Jump in Egypt’s foreign debt “no surprise,” still in safe boundary



Tue, 04 Apr 2017 - 12:00 GMT


Tue, 04 Apr 2017 - 12:00 GMT

Creative Commons via Flickr

Creative Commons via Flickr

CAIRO – 3 April 2017: Egypt will repay $11.2 billion worth of matured short-term foreign debt by the end of 2017, a figure which seems shocking as the country is struggling to overcome a foreign currency shortage which has crippled the economy over the past two years, but some economists argue that it remains in safe boundaries.

Egypt’s foreign debt soared by 40 percent to hit $67 billion by the end of December compared to $48 billion a year earlier, the Central Bank of Egypt (CBE) announced in a Sunday report.

To fill a fast growing budget deficit, the government has expanded its borrowing from local banks and international lenders over the past few years to fill the gap that is projected to record 322 billion ($17.7 billion) by the end of the current fiscal year (to end June 30).

In November, authorities allowed the Egyptian pound to free-float, along with other painful economic reforms including the introduction of a value added tax and slashing fuel subsidies in an attempt to reinstate macroeconomic stability and lure fresh foreign investment to revive the economy. The reforms helped the country clinch a $12 billion deal with the International Monetary Fund to support is ambitious economic reform plan.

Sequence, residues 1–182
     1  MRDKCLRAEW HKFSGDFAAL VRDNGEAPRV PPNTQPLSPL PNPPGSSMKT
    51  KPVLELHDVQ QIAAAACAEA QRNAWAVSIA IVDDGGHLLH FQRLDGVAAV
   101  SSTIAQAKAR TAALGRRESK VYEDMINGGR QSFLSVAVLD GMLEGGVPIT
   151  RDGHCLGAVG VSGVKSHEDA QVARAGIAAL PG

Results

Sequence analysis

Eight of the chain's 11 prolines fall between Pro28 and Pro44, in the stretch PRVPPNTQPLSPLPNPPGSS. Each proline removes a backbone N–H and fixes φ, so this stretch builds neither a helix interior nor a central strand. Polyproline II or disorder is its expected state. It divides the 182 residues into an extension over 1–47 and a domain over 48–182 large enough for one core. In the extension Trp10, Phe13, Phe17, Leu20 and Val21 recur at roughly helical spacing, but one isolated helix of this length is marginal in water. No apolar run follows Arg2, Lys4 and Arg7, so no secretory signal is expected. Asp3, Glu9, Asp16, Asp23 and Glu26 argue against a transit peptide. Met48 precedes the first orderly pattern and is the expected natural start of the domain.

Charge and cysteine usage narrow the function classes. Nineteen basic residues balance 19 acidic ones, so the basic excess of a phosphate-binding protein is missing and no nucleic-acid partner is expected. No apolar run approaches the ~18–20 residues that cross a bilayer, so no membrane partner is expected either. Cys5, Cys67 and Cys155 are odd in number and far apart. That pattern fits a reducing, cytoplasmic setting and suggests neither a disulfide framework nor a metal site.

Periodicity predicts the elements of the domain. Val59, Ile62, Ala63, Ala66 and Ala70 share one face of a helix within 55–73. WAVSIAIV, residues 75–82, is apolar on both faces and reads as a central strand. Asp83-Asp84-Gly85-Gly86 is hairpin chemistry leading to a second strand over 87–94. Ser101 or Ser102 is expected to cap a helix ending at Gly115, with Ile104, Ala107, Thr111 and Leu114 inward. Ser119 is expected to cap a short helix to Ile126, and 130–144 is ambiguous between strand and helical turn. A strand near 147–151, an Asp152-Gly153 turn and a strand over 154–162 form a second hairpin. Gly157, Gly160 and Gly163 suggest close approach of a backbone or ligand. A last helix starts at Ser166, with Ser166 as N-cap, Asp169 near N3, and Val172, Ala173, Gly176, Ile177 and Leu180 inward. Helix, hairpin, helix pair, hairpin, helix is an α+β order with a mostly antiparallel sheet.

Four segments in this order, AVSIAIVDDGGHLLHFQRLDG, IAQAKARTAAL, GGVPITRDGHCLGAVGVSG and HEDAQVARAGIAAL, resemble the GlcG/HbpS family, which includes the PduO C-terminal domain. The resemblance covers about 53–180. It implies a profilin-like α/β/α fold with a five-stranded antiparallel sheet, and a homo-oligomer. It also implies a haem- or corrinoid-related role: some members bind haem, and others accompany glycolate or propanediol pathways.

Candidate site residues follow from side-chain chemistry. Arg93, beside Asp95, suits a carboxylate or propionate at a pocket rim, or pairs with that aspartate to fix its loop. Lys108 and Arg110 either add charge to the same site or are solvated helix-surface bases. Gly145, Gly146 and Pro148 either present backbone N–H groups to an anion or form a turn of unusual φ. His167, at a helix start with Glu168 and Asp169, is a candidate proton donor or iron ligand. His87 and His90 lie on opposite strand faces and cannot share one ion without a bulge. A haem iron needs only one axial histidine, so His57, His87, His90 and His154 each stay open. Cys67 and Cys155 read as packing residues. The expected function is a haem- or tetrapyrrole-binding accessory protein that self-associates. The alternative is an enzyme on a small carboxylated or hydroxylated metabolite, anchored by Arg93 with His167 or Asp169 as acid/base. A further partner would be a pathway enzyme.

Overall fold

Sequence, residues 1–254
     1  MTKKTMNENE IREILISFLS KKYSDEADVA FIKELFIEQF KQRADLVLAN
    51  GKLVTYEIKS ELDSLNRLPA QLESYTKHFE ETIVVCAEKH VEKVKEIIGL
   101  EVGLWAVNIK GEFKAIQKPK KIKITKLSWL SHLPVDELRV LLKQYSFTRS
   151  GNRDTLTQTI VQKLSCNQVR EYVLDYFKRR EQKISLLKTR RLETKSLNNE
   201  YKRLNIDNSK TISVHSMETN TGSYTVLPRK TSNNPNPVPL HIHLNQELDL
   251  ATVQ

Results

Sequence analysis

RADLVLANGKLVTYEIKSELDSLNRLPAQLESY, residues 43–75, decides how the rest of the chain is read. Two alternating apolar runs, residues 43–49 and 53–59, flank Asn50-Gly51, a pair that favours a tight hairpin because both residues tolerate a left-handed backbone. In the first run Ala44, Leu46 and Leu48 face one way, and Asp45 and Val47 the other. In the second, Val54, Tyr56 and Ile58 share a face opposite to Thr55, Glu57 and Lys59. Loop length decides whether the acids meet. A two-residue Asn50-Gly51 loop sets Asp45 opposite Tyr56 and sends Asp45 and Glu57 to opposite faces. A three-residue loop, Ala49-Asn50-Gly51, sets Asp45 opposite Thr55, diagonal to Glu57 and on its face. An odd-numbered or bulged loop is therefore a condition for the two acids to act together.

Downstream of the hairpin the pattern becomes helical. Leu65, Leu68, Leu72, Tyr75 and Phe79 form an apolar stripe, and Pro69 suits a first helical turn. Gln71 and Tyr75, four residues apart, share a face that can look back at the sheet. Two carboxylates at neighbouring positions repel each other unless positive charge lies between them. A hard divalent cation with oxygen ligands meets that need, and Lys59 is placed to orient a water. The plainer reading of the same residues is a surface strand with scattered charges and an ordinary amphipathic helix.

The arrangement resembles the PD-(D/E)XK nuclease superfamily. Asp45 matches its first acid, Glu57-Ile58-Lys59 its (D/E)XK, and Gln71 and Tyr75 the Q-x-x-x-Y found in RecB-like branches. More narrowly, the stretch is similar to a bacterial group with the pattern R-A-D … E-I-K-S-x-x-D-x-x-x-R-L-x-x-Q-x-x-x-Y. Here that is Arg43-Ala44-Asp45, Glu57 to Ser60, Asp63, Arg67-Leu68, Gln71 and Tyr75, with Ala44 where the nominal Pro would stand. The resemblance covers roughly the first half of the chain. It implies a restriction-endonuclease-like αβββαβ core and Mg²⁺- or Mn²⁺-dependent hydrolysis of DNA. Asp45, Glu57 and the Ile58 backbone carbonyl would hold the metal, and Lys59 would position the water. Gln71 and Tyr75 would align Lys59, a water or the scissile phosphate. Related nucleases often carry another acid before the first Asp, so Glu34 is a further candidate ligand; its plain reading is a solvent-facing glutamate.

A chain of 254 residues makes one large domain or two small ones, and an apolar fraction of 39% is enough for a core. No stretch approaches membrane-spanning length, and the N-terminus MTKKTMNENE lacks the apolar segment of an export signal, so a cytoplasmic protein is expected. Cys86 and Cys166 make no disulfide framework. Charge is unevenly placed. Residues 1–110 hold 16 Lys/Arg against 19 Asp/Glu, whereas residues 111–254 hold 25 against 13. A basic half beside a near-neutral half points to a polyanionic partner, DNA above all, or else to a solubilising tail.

The fund disbursed $2.7 billion to Egypt as a first tranche of the $12 billion loan. The second tranche is expected in June, after an official review of by the fund.

Despite the significant hike in foreign debt, some economists argue it was expected given the government’s heavy dependence on net borrowing. “The recent increase in the external debt level was no surprise,” Pharos Holding economist Ramy Oraby said in a report.

Oraby credited the hike mainly to “the government and the CBE’s external borrowings, which represented 83.9 percent of the total external debt in the second quarter of FY 2016/17.”

However, there is a positive outlook for the external debt being predicted to improve as the exchange rate stabilization, would reduce the external debt to GDP ratio, and a rise in foreign currency inflows would also outpace the accumulation of external debt gradually boosted by the progress in the economic reforms, he explained.

Cairo recently received fresh financing from multilateral banks: $1 billion from the World Bank, the second tranche of a $3 billion-loan agreement, and $500 million from the African Development Bank.



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